Three months ago, I convinced Mazda to lend me an ND MX-5 for a few months of ‘living with’ testing. The car I opted for was a 1.5-litre SE-L Nav which costs £20,385. The reason why I chose the 128bhp 1.5 and not the 158bhp 2.0 was to get as balanced a comparison as possible with this new car and the car that it’s most closely related to in the four MX-5 generations, the 1.8-litre Mk1, which also happens to have around 128bhp - although many of you will know that the 1.8 Mk1 pictured above has a little more power now thanks to the addition of a TD04 turbo.
So with 2000 miles now under the ND’s belt, what have I learnt about the little roadster? I’ve already written about the obvious things - like being able to carry a Christmas tree, and bitching about leg room and cupholders - so here are the things that only extended periods of time behind the wheel have revealed:
It flows nicely and is a great long-distance cruiser
Okay, if I were to put this thing next to an S-class and tell you that it’s a “great long-distance cruiser” then I’d be broken-hearted if you didn’t slap my face and tell me to “get real”. The MX-5 has nothing on luxury cars for wafting, but for a lightweight sports car, it’s refined, quiet, simple to drive and easy to fall asleep in (my girlfriend loves a cheeky power nap).
The pedal weights are light, as is the steering, and the tight gearbox is dead easy to work with. The thing that I’ve enjoyed most about my time with the ND, however, is how nicely it flows. To give you an example, the area in which I live is littered with speed bumps, roundabouts and vacuous drivers (you know, the kind of people who drive so badly that you always think ‘how in the hell have they made it this far without suffocating because they forgot to breathe for a few minutes?’). Despite these things, I always get the car into a satisfying flow where I don’t need to brake hard for speed bumps (the car easily sits high enough to clear everything), steer hard or accelerate hard, which keeps my stress levels down and the car moving gracefully. I guess this was the thinking behind Mazda’s Jinba Ittai - horse and rider as one - maxim.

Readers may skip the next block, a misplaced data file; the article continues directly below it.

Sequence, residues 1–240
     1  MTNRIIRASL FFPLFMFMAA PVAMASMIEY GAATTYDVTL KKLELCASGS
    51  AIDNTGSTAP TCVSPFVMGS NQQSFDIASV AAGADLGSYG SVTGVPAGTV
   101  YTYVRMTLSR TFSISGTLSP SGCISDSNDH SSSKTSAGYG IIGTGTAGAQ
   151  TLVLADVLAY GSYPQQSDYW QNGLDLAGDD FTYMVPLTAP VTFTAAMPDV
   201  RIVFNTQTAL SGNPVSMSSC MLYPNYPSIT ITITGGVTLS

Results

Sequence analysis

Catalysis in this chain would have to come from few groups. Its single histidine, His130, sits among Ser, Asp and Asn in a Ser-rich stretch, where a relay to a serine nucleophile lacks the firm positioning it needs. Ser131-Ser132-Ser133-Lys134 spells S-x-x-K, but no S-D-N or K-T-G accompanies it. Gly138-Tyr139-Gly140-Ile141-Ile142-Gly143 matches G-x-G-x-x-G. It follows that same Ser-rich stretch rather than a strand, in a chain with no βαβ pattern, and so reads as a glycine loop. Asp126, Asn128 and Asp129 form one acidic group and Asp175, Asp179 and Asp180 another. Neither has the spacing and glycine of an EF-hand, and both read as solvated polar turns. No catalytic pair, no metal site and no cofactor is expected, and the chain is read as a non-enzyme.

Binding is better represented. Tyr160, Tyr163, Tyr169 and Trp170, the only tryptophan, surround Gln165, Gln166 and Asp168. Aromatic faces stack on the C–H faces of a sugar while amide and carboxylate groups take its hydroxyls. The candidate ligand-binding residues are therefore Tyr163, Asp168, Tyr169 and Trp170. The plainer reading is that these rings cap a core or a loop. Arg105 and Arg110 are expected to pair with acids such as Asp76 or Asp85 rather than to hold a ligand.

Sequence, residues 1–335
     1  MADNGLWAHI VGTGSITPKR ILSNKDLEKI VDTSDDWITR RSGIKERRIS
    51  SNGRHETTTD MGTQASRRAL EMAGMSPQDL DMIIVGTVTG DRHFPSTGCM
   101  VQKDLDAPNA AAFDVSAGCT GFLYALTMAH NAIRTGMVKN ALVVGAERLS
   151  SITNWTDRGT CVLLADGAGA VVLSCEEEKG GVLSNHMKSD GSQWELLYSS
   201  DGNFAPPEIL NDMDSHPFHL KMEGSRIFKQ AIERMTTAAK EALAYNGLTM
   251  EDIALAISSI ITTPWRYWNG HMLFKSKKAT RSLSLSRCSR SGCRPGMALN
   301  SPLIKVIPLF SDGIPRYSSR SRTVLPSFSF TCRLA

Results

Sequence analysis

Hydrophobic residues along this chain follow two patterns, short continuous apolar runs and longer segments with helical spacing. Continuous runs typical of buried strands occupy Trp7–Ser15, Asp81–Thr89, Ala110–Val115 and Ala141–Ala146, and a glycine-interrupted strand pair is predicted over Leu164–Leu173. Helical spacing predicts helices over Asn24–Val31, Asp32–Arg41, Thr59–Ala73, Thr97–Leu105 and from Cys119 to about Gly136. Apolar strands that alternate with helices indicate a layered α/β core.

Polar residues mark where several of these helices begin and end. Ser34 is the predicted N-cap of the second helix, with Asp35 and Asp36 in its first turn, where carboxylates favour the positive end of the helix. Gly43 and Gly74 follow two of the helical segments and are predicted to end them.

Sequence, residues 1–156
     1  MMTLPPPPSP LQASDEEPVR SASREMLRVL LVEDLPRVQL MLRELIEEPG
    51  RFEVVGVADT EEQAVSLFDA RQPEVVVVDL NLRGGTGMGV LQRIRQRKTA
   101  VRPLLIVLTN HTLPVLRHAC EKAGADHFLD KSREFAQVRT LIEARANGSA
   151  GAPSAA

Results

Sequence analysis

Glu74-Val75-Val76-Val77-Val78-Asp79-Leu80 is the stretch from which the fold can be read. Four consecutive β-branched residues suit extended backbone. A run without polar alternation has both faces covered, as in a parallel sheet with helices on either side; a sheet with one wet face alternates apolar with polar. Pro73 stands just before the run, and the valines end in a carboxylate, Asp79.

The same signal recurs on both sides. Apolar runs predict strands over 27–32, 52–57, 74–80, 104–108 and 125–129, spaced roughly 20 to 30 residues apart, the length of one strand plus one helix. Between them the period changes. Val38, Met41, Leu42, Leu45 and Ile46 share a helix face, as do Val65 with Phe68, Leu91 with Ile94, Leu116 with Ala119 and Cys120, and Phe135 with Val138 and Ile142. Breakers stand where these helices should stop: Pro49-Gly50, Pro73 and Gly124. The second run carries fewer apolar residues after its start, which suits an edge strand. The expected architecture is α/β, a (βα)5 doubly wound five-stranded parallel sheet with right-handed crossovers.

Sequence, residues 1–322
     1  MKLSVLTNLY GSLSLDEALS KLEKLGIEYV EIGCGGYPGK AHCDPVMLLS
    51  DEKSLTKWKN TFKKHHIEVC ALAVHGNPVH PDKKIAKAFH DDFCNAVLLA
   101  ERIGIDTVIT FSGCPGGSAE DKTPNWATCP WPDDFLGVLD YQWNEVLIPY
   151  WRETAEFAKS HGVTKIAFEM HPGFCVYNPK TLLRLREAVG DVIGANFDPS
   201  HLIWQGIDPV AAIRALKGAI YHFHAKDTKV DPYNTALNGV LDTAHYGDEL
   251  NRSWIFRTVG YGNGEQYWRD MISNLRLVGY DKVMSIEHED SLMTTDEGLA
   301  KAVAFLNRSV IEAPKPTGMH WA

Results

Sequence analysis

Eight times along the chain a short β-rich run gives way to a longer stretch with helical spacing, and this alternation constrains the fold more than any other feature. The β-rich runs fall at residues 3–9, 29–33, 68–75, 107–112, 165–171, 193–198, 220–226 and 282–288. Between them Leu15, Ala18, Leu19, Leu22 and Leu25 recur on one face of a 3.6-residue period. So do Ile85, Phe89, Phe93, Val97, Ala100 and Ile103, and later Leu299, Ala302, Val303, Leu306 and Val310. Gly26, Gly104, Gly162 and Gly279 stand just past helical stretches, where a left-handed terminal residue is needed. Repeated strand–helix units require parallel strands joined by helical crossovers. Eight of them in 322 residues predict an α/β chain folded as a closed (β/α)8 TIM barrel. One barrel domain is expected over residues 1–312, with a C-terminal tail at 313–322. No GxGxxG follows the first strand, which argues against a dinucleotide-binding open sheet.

My biggest bugbear about our ND was the Mica Blue colour that did nothing for the ND’s lines. I mean, c’mon, this is one of the most exciting Mazda cars in recent times and nobody looks twice at it when the colour doesn’t reflect that.
That’s why I went ahead and gave Junior an orange makeover. You can see how the liquid wrap process was carried out by the guys at DipMyVehicle in the video above, and the conspicuous transformation has done the car the world of good (this is obviously subjective, but most of you guys who have seen it on Instagram have loved the change). Now, the ND’s lines stand out and the car gets the attention that it deserves.
It's the little things that I like...
There are loads of little things about the MX-5 ND that I like. These include the speed and ease in which the manual roof can be put up and put back down with the pull of one central clip (it’s quicker to operate than any other generation), the sat-nav, cruise control, xenon lights and the ease of parking.
The 1.5-litre engine also sounds pretty strong, and people I’ve taken out for a drive (including Mr. Engineering Explained) actually thought that this was the 2.0-litre model, which is pretty cool. What’s more, the little engine is very frugal. Over 2000 miles of driving (including motorway, city and being thrashed for our forthcoming MX-5 Generations video), it’s averaged 38.2mpg, which is damn good going!
Speaking of the little things, the boot is tiny (easily the smallest of all the generations), which has been frustrating, as has the lack of a glovebox for all my hairdressing equipment.
Inside on the whole, though, it’s comfortable and looks pretty smart. Just don’t try to thumb the interior plastics, as you’ll end up with a broken digit because all you’ll find are hard/cheap materials. Still, weight reduction…
Would I actually buy one?
If I were to lay down cash on a fun and new £20k+ car then yes, I would buy an ND MX-5. But it wouldn’t be the same car that you see here. It’d be the 2.0 Sport trim MX-5 that I’d buy for the added power, Bilstein dampers and sports suspension and, crucially, the limited-slip differential.
The reason for this choice is simple: the ND’s chassis is so good that it deserves to have the power upgrade and the better suspension. And if you’re going to have a lightweight, rear-wheel drive sports car without an LSD, then that’s as good as visiting a street pharmacist and asking for cough medicine, when what you really need is the hard, addictive stuff that makes your whole body tingle in ecstasy: drifting.
If you have any obscure questions about the ND MX-5 and my time with it, then I’ll do my best to answer them all below.